Aug 16, 2014; Arlington, TX, USA; Dallas Cowboys receiver Dez Bryant (88) celebrates after catching a touchdown pass in the first quarter against Baltimore Ravens cornerback Dominque Franks (42) at AT&T Stadium. Mandatory Credit: Matthew Emmons-USA TODAY Sports
Fifth-year veteran wide receiver Dez Bryant, also known as ‘Weapon X’, clearly remains the engine that drives the Dallas Cowboys offense. His brief performance during Dallas’ preseason opener at the venue formerly known as Cowboys Stadium offered unquestionable proof of that.
Big plays are nothing new to Bryant. He forged a prolific, if not controversial, career at Oklahoma State University making play after play after play. Bryant’s rare skill set immediately translated to the NFL as the 6’2” and 220-pound pass catcher quickly became the focal point of quarterback Tony Romo‘s passing attack beginning in 2010.
For all of the talk about the physical condition of Romo heading into the 2014 regular season, it’s important to remember exactly who helps to open up the entire field of play for Dallas’ franchise signal caller. Additional playmakers like tight end Jason Witten, wide receiver Terrance Williams and running back DeMarco Murray all benefit from the added attention that Bryant forces from opposing secondaries.
Early in Dallas’ 37-30 loss to the Baltimore Ravens on Saturday night, Bryant showed why he’s such a vital cog in the Cowboys aerial assault.
After rookie first-round draft pick Zach Martin, the starting right guard, was called for holding on the first play from scrimmage, Murray was stuffed for a 1-yard loss. Following the repeated first down, new passing game coordinator Scott Linehan was facing an early 2nd and 20 just as the game was a minute old.
Romo’s subsequent 22 yard completion to Bryant illustrated perfect recognition and anticipation of the football on the part of both players. Having plenty of time to stand in the pocket, Romo was able to wait for Bryant’s inevitable separation in the Baltimore secondary. After the catch, Bryant was still able to break a few tackles which allowed him to lumber another nine yards in picking up a big first down to advance from deep inside Dallas territory.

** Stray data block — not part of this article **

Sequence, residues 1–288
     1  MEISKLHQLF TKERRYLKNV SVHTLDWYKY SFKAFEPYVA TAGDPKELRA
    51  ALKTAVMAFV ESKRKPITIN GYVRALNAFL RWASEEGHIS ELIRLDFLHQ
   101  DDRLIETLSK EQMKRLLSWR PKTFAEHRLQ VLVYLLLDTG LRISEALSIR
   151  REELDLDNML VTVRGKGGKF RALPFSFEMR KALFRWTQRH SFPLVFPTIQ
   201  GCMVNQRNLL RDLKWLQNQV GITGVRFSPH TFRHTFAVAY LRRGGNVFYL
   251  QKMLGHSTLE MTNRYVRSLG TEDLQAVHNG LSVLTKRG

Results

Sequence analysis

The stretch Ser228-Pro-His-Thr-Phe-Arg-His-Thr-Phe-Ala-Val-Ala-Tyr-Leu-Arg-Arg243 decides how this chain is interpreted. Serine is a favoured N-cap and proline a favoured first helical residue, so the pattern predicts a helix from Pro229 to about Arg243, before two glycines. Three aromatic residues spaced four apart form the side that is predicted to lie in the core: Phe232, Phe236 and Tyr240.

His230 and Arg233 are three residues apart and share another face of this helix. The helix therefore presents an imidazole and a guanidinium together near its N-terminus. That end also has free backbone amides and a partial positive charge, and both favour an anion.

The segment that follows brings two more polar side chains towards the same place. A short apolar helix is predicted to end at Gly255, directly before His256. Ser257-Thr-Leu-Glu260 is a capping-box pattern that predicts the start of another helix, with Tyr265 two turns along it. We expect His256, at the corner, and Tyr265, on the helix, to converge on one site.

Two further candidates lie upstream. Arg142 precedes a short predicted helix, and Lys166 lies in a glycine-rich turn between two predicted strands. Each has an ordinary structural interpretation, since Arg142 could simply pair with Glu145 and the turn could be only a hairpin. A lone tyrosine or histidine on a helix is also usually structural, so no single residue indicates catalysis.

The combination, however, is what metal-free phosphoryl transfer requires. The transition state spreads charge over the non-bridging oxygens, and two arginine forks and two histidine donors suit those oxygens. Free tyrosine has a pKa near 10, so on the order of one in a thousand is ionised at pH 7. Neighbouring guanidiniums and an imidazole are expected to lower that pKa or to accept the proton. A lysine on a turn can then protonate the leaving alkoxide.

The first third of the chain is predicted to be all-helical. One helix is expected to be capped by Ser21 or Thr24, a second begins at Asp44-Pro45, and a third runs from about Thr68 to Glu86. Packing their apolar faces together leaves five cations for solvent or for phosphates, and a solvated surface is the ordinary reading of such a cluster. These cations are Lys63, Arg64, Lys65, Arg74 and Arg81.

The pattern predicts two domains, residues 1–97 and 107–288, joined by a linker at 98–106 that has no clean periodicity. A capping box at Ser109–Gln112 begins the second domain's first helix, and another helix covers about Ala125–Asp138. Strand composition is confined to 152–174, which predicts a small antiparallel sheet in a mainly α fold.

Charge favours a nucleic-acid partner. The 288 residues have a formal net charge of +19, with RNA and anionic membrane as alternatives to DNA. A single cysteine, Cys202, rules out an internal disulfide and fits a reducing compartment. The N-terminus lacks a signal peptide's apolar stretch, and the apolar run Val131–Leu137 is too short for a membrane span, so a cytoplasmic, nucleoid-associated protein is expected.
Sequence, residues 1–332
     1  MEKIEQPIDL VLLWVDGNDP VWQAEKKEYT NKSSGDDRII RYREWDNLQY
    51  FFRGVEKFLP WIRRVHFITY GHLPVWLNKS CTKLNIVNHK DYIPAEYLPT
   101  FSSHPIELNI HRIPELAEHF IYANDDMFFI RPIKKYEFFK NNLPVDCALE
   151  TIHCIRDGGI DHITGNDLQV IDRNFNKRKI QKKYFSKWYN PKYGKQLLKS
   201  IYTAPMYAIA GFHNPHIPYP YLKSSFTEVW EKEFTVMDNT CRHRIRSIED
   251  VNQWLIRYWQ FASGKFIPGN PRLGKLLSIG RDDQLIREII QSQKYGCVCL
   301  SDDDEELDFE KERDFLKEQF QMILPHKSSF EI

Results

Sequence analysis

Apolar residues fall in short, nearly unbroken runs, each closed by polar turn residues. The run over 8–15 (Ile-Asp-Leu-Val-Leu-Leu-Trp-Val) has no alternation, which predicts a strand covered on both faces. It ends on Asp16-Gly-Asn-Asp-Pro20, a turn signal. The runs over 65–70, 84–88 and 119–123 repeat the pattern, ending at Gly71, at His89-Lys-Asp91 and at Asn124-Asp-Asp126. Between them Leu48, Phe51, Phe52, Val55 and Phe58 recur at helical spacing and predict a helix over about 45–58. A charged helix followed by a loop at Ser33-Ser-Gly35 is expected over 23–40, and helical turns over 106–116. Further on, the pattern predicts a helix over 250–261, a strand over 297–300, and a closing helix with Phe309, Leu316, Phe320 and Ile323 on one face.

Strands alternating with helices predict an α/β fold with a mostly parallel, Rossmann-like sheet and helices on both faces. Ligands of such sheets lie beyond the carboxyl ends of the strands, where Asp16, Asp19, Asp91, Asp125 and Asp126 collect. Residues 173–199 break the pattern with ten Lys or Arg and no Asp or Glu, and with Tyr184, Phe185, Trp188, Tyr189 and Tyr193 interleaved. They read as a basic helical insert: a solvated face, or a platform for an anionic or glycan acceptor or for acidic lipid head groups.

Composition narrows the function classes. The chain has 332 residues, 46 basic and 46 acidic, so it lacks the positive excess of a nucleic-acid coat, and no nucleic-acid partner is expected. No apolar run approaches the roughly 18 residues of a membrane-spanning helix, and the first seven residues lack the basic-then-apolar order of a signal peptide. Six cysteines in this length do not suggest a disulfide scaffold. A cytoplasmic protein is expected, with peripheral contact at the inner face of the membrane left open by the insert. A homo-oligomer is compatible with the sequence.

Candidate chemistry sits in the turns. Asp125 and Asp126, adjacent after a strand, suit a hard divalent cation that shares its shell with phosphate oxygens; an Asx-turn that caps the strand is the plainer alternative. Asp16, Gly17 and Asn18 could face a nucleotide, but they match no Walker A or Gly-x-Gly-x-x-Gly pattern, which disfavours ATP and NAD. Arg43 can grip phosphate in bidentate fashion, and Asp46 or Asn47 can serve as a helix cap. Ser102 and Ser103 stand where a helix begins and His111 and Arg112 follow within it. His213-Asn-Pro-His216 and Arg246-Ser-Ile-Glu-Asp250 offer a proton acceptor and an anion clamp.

Three plays later, Romo and Bryant almost connected again on a play that would resemble a touchdown connection later in the first half. Bryant, well covered on the play, went up over Ravens cornerback Jimmy Smith and almost hauled in a juggling reception on the sideline that could have gone for at least 30 yards—Smith didn’t get up after the play and was done for the evening.
Bryant would move the chains on a six-yard reception on Dallas’ following possession before making his biggest and final statement of the evening.
On a 2nd and 8 from the Ravens 31 yard line, Romo again hung patiently in the pocket before tossing up a perfect side line jump ball to a leaping Bryant, who this time came down easily with the football inside the five yard line before falling into the end zone essentially untouched for the easy touchdown.
If there were any psychological victories to be had for the Dallas franchise during the Baltimore game, one had to be the Romo-to-Bryant touchdown hookup. The Cowboys figure to be completely in the hands of Romo as the ninth-year veteran tries to hold on to the throne following two back surgeries in the last year. In order to do that, Romo has to have Bryant on the field for every down possible.